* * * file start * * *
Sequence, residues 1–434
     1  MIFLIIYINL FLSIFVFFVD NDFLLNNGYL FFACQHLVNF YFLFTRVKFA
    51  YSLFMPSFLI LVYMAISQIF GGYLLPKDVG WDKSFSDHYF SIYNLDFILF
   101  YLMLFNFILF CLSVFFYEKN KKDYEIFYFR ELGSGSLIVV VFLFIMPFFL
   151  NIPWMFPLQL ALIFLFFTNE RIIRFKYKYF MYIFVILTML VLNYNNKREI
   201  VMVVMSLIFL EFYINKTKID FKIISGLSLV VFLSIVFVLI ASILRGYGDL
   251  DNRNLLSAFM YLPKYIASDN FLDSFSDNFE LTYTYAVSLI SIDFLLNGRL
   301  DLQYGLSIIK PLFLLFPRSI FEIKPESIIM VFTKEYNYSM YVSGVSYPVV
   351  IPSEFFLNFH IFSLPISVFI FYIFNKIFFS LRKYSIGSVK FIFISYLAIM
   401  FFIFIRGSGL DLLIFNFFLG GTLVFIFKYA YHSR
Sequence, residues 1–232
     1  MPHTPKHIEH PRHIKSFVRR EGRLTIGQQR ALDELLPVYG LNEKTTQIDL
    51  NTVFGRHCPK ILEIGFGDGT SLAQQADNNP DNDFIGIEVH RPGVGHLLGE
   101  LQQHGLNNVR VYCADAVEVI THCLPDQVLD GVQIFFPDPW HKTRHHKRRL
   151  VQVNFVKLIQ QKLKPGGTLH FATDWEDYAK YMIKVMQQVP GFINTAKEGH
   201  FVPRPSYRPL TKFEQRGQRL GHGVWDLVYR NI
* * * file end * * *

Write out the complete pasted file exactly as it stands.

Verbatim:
Sequence, residues 1–434
     1  MIFLIIYINL FLSIFVFFVD NDFLLNNGYL FFACQHLVNF YFLFTRVKFA
    51  YSLFMPSFLI LVYMAISQIF GGYLLPKDVG WDKSFSDHYF SIYNLDFILF
   101  YLMLFNFILF CLSVFFYEKN KKDYEIFYFR ELGSGSLIVV VFLFIMPFFL
   151  NIPWMFPLQL ALIFLFFTNE RIIRFKYKYF MYIFVILTML VLNYNNKREI
   201  VMVVMSLIFL EFYINKTKID FKIISGLSLV VFLSIVFVLI ASILRGYGDL
   251  DNRNLLSAFM YLPKYIASDN FLDSFSDNFE LTYTYAVSLI SIDFLLNGRL
   301  DLQYGLSIIK PLFLLFPRSI FEIKPESIIM VFTKEYNYSM YVSGVSYPVV
   351  IPSEFFLNFH IFSLPISVFI FYIFNKIFFS LRKYSIGSVK FIFISYLAIM
   401  FFIFIRGSGL DLLIFNFFLG GTLVFIFKYA YHSR
Sequence, residues 1–232
     1  MPHTPKHIEH PRHIKSFVRR EGRLTIGQQR ALDELLPVYG LNEKTTQIDL
    51  NTVFGRHCPK ILEIGFGDGT SLAQQADNNP DNDFIGIEVH RPGVGHLLGE
   101  LQQHGLNNVR VYCADAVEVI THCLPDQVLD GVQIFFPDPW HKTRHHKRRL
   151  VQVNFVKLIQ QKLKPGGTLH FATDWEDYAK YMIKVMQQVP GFINTAKEGH
   201  FVPRPSYRPL TKFEQRGQRL GHGVWDLVYR NI